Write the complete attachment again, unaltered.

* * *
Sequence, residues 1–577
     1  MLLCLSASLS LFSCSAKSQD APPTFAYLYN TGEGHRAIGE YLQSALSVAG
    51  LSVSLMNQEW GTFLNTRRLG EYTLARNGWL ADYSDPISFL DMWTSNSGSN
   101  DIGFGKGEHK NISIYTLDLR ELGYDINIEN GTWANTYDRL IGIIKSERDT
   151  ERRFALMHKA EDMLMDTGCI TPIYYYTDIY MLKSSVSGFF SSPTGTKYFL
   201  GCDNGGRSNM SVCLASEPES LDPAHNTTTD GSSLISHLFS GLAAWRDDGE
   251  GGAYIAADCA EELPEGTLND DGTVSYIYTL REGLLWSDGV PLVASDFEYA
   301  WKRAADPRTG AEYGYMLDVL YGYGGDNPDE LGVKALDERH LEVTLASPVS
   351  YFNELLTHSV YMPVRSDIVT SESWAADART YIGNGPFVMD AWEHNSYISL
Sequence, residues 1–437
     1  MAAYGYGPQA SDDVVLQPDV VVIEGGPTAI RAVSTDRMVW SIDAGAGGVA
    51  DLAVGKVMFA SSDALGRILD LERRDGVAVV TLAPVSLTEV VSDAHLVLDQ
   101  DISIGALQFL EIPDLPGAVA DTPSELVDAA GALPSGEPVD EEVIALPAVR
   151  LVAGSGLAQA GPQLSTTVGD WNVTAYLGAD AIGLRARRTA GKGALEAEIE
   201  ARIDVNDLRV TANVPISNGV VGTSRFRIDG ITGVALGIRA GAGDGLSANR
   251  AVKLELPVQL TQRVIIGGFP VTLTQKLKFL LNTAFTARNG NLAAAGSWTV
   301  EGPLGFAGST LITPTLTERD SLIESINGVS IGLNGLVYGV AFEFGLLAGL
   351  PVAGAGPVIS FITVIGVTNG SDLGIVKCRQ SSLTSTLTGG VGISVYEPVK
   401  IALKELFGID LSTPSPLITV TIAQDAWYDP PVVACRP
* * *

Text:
Sequence, residues 1–577
     1  MLLCLSASLS LFSCSAKSQD APPTFAYLYN TGEGHRAIGE YLQSALSVAG
    51  LSVSLMNQEW GTFLNTRRLG EYTLARNGWL ADYSDPISFL DMWTSNSGSN
   101  DIGFGKGEHK NISIYTLDLR ELGYDINIEN GTWANTYDRL IGIIKSERDT
   151  ERRFALMHKA EDMLMDTGCI TPIYYYTDIY MLKSSVSGFF SSPTGTKYFL
   201  GCDNGGRSNM SVCLASEPES LDPAHNTTTD GSSLISHLFS GLAAWRDDGE
   251  GGAYIAADCA EELPEGTLND DGTVSYIYTL REGLLWSDGV PLVASDFEYA
   301  WKRAADPRTG AEYGYMLDVL YGYGGDNPDE LGVKALDERH LEVTLASPVS
   351  YFNELLTHSV YMPVRSDIVT SESWAADART YIGNGPFVMD AWEHNSYISL
Sequence, residues 1–437
     1  MAAYGYGPQA SDDVVLQPDV VVIEGGPTAI RAVSTDRMVW SIDAGAGGVA
    51  DLAVGKVMFA SSDALGRILD LERRDGVAVV TLAPVSLTEV VSDAHLVLDQ
   101  DISIGALQFL EIPDLPGAVA DTPSELVDAA GALPSGEPVD EEVIALPAVR
   151  LVAGSGLAQA GPQLSTTVGD WNVTAYLGAD AIGLRARRTA GKGALEAEIE
   201  ARIDVNDLRV TANVPISNGV VGTSRFRIDG ITGVALGIRA GAGDGLSANR
   251  AVKLELPVQL TQRVIIGGFP VTLTQKLKFL LNTAFTARNG NLAAAGSWTV
   301  EGPLGFAGST LITPTLTERD SLIESINGVS IGLNGLVYGV AFEFGLLAGL
   351  PVAGAGPVIS FITVIGVTNG SDLGIVKCRQ SSLTSTLTGG VGISVYEPVK
   401  IALKELFGID LSTPSPLITV TIAQDAWYDP PVVACRP